Alexander II (1855 – 1881) came into power in the aftermath of the Crimean War.  Russian standards of living were not good during in the 1850s.  90 percent of the population lived at the subsistence level.  Alexander II did attempt to reform Russia internally, though.  The tsar freed Russia’s peasants, in total around 22 million, from serfdom.  However, this did not drastically improve Russian life.  Individuals did not receive their own land, and many fell into heavy debt.  The tsar also implemented a selection of social reforms, ranging from educational to military.  However, to the dismay of many, Alexander II refused the creation of a national assembly, unlike many of the other European nations.   Alexander II was assassinated by an organization known as People’s Will in march of 1881.



Alexander II was succeeded by Tsar Alexander III (1881 – 1894).  Reacting to the assassination of Alexander II and general instability, the tsar established a strong hold on the country.  The new tsar enlarged Russia’s secret police, censored media, and removed many of Alexander II’s reforms.  Towards the end of the 19th century, Alexander III, aided by Sergei Witte, attempted to industrialize Russian society.  They ordered the production of railroads and factories, funded by the French government. A small industrial class grew in Russia, however most of the country was still poor, and the government still was overly totalitarian. Russia’s own Marxist Social Democratic Party emerged in 1898, however its presence was not tolerated by the tsar and its leaders exiled from the country.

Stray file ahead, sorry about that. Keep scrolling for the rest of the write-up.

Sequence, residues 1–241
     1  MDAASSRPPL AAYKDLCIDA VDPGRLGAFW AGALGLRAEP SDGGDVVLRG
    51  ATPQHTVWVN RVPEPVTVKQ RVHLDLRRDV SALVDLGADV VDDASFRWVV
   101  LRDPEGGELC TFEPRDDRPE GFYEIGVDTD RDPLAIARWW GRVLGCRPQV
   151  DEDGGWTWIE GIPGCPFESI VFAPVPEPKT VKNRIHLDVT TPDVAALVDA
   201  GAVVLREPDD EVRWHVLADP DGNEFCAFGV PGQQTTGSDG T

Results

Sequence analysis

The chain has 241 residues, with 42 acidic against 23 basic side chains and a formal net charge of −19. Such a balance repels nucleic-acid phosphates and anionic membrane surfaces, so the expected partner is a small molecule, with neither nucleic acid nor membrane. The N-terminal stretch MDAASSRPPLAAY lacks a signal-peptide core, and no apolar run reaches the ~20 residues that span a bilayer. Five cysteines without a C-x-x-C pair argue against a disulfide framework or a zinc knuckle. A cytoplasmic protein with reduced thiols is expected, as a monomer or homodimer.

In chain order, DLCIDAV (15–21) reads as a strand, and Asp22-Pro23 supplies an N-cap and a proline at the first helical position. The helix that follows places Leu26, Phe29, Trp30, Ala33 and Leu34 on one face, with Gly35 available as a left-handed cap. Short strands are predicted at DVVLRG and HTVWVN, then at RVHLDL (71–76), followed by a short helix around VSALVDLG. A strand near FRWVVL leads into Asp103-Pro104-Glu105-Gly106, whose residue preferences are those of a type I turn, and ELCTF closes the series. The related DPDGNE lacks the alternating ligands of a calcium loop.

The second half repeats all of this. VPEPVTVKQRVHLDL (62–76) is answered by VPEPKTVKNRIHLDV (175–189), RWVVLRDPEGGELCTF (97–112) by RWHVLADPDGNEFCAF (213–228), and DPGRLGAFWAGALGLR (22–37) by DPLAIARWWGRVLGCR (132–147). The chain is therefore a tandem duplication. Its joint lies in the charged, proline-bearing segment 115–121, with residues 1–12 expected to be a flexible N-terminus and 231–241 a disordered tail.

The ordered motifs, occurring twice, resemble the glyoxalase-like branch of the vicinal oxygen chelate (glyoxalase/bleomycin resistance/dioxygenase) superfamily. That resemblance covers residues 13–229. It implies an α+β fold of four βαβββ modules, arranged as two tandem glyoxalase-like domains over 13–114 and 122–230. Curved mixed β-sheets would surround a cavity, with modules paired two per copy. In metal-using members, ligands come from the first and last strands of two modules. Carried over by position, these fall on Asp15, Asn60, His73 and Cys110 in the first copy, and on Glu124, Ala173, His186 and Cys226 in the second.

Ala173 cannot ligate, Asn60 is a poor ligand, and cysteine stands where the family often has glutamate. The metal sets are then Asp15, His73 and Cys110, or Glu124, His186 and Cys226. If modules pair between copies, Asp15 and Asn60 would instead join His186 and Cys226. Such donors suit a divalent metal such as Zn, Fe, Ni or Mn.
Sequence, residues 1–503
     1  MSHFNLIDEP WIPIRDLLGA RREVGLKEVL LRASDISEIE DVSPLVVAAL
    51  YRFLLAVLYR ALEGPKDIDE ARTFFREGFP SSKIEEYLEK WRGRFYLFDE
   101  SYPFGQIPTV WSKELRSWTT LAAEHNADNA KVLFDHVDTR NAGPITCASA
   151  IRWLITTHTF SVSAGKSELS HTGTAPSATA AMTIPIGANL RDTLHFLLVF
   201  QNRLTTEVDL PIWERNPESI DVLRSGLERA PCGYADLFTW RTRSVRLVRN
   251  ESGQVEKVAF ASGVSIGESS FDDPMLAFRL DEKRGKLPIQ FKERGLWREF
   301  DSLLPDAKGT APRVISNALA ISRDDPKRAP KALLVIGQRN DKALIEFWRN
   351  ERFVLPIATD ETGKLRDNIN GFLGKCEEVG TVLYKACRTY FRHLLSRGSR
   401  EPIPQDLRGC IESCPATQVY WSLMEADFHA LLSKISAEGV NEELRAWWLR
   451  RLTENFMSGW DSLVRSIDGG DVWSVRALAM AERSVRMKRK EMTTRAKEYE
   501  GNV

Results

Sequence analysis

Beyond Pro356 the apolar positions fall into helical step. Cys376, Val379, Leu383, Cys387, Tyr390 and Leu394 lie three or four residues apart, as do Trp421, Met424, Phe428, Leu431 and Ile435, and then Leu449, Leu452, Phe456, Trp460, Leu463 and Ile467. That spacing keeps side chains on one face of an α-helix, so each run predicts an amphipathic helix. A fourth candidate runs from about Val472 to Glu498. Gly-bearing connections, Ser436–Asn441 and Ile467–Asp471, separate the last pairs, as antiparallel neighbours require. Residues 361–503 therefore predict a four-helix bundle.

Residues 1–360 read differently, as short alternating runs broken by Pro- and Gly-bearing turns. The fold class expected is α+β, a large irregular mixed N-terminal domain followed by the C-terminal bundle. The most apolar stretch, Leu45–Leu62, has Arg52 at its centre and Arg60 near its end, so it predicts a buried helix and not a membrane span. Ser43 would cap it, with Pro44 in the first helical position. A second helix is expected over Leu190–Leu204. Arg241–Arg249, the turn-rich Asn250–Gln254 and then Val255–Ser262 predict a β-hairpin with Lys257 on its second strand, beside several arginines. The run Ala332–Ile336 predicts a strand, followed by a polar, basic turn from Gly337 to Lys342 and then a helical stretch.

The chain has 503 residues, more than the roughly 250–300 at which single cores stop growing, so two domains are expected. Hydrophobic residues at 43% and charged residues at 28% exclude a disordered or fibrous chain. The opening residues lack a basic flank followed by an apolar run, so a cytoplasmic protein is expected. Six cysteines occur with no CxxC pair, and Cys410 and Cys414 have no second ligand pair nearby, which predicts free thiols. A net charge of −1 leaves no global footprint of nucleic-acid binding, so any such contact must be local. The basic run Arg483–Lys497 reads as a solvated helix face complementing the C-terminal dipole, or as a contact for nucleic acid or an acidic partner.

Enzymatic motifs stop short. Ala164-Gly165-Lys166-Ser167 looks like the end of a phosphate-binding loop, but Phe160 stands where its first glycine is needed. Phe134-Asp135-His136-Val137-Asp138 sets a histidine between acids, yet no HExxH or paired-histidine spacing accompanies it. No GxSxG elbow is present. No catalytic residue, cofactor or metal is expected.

Nicholas II (1894 – 1914), the last tsar of Russia, favored military progress over social and economic reforms. Nicholas II waged war with the quickly industrializing Japan, however was fiercely defeated. While Russia was being militarily defeated, the monarchy was flanked by a variety of displeased factions, and forced to create a national legislature. The legislature was named Duma, meaning “thought” in Russian. Although civilian factions had finally managed to create a parliamentary body within the Russian government, much of the significant power, such as foreign affairs, military, and finance remained with the monarchy. Little further significant reforms would be enacted by Russia’s monarchy, until the 1910s with the Russian revolution and the creation RSFSR and the USSR.




Source: The West: a narrative history

Posted by Matthew Aneiro


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